Pierce's tool and could see that the jaws were chipped so they couldn't get a good grip on the nail head.  It might've been a wonderful tool at one time.  Now it was crap.

I brought out my own crow's foot.  By the time
Pierce returned, we'd removed all the nails from all the vent boards.

"How'd you like it?"
Pierce asked.

"Nice tool," Jim said.

Pierce beamed.

* * *

There were 14 boards to be hung on piano hinges.  Each bright brass Stanley hinge was 6 feet long with screw holes every 2 inches on each side of the hinge.  For this little task, Jim and I would need to drive 980 bright brass screws.  Slot head screws.

I don't know when cordless drills/cordless screwdrivers first went on the market, but nobody had them in 1976.  Most screws were slot head, and mostly you drove screws by hand.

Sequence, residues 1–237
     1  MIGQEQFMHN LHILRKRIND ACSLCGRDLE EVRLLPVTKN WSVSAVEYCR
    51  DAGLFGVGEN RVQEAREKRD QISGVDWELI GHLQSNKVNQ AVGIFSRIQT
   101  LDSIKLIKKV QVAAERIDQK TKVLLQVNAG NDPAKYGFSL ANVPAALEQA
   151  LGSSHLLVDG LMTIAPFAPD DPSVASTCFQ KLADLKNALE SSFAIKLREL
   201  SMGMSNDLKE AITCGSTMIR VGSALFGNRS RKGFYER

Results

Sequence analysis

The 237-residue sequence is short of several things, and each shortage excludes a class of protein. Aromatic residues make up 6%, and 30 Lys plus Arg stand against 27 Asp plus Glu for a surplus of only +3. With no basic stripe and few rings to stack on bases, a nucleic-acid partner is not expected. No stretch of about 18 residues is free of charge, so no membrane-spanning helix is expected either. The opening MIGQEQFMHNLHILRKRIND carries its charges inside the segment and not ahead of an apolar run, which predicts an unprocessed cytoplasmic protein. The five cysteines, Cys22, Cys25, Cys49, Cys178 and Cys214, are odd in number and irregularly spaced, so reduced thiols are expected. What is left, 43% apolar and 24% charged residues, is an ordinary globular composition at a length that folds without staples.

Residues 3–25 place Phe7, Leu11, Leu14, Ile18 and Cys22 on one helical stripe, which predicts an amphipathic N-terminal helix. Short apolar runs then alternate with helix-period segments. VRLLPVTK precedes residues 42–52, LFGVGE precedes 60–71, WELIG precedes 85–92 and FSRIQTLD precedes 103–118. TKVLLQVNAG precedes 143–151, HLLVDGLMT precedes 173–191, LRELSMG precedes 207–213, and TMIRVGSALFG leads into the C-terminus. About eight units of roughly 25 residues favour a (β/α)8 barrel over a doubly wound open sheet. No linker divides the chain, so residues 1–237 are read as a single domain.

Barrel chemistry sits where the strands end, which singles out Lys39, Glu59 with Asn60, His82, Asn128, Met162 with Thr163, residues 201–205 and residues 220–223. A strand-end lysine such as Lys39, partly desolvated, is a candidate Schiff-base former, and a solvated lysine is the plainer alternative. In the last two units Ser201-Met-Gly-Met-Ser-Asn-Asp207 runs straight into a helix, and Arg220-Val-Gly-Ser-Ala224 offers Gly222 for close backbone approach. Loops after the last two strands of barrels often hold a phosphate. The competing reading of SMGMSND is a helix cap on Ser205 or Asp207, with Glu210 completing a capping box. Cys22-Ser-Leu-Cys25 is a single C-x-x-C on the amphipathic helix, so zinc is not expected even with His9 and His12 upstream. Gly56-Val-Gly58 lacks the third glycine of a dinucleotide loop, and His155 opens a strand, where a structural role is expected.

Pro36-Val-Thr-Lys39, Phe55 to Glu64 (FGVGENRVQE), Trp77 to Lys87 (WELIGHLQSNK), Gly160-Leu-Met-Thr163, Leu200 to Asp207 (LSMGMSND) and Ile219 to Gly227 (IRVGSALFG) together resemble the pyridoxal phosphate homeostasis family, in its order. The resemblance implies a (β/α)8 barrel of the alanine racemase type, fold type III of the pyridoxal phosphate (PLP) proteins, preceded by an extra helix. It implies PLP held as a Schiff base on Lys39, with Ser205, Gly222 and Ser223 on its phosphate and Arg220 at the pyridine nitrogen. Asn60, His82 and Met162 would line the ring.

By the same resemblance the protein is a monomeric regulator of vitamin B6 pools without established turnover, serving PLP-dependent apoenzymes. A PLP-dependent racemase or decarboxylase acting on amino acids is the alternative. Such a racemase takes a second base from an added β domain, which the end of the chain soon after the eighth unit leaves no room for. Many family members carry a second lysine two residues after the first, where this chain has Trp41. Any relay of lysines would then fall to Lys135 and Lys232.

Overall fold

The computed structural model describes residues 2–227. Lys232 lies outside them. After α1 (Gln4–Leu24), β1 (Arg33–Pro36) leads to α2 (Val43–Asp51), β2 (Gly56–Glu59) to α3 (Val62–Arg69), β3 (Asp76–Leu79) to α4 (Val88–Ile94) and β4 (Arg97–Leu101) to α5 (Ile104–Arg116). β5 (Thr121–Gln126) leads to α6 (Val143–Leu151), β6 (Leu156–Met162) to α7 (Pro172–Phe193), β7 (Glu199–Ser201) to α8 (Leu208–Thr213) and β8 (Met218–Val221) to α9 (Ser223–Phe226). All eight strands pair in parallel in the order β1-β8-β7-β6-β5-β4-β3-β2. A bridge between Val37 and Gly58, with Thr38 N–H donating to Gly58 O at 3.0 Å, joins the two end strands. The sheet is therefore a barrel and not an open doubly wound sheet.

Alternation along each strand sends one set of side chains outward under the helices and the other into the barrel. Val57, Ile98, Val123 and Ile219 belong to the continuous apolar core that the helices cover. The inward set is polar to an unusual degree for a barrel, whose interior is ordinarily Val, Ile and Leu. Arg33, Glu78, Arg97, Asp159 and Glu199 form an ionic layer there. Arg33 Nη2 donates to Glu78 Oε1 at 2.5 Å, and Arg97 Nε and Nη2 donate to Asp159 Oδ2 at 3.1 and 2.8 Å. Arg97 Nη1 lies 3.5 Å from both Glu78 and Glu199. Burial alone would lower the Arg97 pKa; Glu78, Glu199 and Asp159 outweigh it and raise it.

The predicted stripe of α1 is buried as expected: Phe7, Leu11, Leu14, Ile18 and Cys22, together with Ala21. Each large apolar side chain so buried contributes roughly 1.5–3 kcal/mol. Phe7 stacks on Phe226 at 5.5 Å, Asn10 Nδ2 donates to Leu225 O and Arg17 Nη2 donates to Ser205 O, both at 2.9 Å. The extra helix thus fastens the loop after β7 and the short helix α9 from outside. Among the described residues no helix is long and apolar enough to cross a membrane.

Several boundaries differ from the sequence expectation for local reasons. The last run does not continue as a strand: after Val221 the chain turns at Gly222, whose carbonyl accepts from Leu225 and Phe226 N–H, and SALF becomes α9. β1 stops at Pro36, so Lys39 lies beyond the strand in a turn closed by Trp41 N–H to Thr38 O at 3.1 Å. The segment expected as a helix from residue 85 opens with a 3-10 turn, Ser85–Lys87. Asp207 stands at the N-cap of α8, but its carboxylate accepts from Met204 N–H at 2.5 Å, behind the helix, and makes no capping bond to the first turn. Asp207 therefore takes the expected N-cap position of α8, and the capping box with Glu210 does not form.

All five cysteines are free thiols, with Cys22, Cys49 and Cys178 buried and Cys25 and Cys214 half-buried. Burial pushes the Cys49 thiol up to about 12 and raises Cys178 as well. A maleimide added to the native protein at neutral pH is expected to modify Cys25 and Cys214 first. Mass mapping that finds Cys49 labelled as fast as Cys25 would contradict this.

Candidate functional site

Pierce, as it happened, had another flea market bargain: an old Yankee screwdriver which operated by a push-pull spiraling ratcheting action.  Jim tried it.  For the Yankee to work, the screw couldn't offer much resistance.  The slot had to be deep enough to keep the blade from sliding out.  With these rasty boards, the tool jammed; the blade slid out.
Yankee screwdriver
Besides Jim and myself, there was one other carpenter on the job, and he was the real thing: a German master carpenter named — I kid you not — Adolf.  No mustache. 

Adolf could hang a door in 6 minutes flat.  Jim and I were in awe of him.